Wel­com­ing tougher rules on drunk driv­ing in N.L.

The Pilot - - Editorial -

Well, they’re here.

And it’s about time.

Barely a day goes by that the Royal New­found­land Con­stab­u­lary or the RCMP don’t re­port catch­ing a drink­ing driver, ei­ther as part of a high­way stop or through the dili­gent re­port­ing of driver who spot some­one driv­ing er­rat­i­cally.

It’s still an ev­ery­day oc­cur­rence de­spite penal­ties, de­spite the gen­eral pub­lic em­bar­rass­ment, de­spite the fact that it’s a clearly ac­cepted fact that drink­ing and driv­ing kills.

Yes­ter­day, new rules kicked in that lay even more strict con­di­tions and penal­ties on those who in­sist on driv­ing af­ter drink­ing.

Here, in case you’ve missed them so far, are the changes, par­tic­u­larly for those who can’t seem to fig­ure out that drink­ing and driv­ing don’t mix, cour­tesy of Ser­vice NL:

“A driver whose li­cence is sus­pended af­ter an im­paired driv­ing con­vic­tion will be re­quired to en­ter a manda­tory ig­ni­tion in­ter­lock pro­gram as a con­di­tion of re­in­state­ment.

“Driv­ers less than 22 years of age will be re­quired to main­tain a blood al­co­hol con­tent of zero per cent while driv­ing.

“Any driver found to have a blood al­co­hol con­tent of 0.08 or greater will have their ve­hi­cle im­pounded for a min­i­mum of 30 days.

“Driv­ers who are 22 years of age or older who are found to have a blood al­co­hol con­tent of 0.05 or greater but less than 0.08, will have their ve­hi­cle im­pounded for seven days.

“Novice driv­ers and driv­ers un­der 22 years of age will have their ve­hi­cle im­pounded for seven days if they are found to have a blood al­co­hol con­tent greater than zero but less than 0.08.”

The changes are High­way Traf­fic Act rule changes, not crim­i­nal code changes, but the im­pacts will be felt swiftly — es­pe­cially by those who lose their ve­hi­cles af­ter blow­ing over .08, a move that should also halt driv­ers from leav­ing po­lice cus­tody and im­me­di­ately get­ting into their cars and try­ing to drive again.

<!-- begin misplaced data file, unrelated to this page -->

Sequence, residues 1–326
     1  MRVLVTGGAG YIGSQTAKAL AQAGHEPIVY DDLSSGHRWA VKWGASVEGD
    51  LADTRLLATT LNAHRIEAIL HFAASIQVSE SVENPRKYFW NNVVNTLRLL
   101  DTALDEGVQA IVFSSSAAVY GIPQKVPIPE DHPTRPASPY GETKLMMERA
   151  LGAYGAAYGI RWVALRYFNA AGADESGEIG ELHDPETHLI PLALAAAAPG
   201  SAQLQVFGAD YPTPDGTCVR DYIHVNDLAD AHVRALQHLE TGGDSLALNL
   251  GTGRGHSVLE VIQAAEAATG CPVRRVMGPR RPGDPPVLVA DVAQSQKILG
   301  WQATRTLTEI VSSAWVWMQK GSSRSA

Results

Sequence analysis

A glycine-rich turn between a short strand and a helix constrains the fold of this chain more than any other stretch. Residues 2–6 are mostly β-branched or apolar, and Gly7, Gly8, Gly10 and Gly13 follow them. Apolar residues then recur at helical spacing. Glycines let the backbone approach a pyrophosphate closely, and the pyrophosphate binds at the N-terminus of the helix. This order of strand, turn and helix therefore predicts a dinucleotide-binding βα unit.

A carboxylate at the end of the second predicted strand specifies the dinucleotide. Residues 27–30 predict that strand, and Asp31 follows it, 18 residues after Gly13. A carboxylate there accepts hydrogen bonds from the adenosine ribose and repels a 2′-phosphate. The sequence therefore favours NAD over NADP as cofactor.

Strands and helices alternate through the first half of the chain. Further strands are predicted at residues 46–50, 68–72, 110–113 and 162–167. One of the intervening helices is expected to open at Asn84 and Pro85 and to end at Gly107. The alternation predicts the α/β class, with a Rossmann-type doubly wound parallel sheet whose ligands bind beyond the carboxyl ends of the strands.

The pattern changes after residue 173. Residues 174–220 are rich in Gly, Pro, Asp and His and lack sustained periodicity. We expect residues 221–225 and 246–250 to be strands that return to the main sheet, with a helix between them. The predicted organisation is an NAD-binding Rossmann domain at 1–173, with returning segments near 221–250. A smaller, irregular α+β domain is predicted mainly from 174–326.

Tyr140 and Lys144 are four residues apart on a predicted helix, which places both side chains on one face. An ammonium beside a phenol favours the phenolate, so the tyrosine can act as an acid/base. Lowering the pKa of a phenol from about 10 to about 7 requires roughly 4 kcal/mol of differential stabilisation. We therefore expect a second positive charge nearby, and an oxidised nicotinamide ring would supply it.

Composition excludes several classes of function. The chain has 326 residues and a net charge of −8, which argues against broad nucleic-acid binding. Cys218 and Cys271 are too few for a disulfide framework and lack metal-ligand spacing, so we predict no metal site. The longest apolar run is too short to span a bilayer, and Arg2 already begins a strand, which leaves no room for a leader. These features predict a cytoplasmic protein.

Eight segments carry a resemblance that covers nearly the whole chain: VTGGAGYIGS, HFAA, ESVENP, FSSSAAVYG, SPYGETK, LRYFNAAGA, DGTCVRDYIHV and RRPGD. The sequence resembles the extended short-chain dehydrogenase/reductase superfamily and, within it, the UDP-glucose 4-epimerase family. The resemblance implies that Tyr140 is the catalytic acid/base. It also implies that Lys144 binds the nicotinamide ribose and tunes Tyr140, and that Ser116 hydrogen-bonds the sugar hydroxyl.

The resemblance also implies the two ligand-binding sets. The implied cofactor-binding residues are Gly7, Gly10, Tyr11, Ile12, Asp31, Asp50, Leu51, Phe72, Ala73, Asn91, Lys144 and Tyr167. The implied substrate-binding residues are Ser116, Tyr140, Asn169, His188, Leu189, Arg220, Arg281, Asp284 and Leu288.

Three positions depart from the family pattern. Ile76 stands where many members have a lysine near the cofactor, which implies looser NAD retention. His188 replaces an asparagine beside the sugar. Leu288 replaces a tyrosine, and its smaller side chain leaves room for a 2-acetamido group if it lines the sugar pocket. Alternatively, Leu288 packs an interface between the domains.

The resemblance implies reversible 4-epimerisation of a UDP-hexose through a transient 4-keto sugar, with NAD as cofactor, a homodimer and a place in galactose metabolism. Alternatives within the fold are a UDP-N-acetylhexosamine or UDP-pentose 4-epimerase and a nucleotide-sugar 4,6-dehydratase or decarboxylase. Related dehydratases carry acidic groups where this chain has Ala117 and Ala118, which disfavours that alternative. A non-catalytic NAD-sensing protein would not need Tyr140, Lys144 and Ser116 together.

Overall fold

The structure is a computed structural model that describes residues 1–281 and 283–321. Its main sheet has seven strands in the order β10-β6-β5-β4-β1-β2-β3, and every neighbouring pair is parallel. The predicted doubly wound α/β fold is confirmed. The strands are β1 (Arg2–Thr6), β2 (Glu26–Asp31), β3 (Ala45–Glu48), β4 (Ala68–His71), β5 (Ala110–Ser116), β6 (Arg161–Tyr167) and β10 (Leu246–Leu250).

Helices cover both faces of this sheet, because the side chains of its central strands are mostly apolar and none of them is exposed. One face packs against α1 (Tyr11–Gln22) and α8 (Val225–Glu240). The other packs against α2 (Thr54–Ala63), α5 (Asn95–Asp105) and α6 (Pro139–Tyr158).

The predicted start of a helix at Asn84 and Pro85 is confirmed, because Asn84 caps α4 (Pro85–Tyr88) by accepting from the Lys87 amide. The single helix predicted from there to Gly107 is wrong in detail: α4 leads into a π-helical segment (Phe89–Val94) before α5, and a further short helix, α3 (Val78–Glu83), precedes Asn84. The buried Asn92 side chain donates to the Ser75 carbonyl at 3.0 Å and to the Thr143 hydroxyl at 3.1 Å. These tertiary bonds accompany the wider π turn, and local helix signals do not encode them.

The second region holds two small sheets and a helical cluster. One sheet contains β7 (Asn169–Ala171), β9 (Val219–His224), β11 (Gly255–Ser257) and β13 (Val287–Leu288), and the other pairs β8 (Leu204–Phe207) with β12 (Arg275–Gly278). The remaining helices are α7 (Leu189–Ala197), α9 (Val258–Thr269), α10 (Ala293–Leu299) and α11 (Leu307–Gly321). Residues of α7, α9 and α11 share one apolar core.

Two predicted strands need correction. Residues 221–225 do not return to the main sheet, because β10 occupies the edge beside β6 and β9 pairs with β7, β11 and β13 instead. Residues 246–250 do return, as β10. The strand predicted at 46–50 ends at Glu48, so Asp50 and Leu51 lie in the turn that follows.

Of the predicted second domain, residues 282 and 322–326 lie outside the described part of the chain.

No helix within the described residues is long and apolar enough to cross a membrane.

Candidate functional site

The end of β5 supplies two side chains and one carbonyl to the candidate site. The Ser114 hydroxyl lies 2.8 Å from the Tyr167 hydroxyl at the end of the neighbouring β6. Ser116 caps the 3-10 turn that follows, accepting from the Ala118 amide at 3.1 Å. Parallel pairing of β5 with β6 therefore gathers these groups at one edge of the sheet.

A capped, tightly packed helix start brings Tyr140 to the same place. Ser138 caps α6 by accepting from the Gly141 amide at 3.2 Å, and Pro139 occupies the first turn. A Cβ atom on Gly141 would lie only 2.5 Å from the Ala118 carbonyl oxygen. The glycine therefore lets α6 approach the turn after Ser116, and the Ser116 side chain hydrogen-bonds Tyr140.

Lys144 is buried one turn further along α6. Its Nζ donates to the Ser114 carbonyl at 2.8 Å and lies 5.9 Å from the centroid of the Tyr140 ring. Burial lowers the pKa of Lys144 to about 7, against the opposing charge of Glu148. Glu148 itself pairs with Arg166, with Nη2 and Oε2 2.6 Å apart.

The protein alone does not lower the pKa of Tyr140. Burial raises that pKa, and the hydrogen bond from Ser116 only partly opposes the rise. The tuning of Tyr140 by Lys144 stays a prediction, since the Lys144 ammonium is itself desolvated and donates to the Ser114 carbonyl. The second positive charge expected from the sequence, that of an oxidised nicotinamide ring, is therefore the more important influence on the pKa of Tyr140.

The most ex­pen­sive change for drink­ing driv­ers, though, is likely to be the manda­tory ig­ni­tion in­ter­lock sys­tem that any­one con­victed of drink­ing and driv­ing will have to have in­stalled be­fore they can get their driver’s li­cence re­in­stated.

A Saskatchewan in­ter­lock pro­gram lists a litany of fees from the pri­vate provider for those who have to in­stall the sys­tems: $145, plus tax, for in­stal­la­tion; $80 a month, plus tax, for mon­i­tor­ing fees; $50, plus tax, re­moval fee, and a $105, plus tax, ad­min­is­tra­tion fee. That’s about $1,400, all in, per year. Some prov­inces also add their own ad­min­is­tra­tive fees on top of the cor­po­rate costs. (And don’t for­get the in­crease in in­sur­ance costs.)

The sim­ple fact would be that none of the changes would be nec­es­sary if peo­ple would sim­ply un­der­stand that they shouldn’t drink and drive.

Sadly, though, the only so­lu­tion seems to be a big­ger stick.

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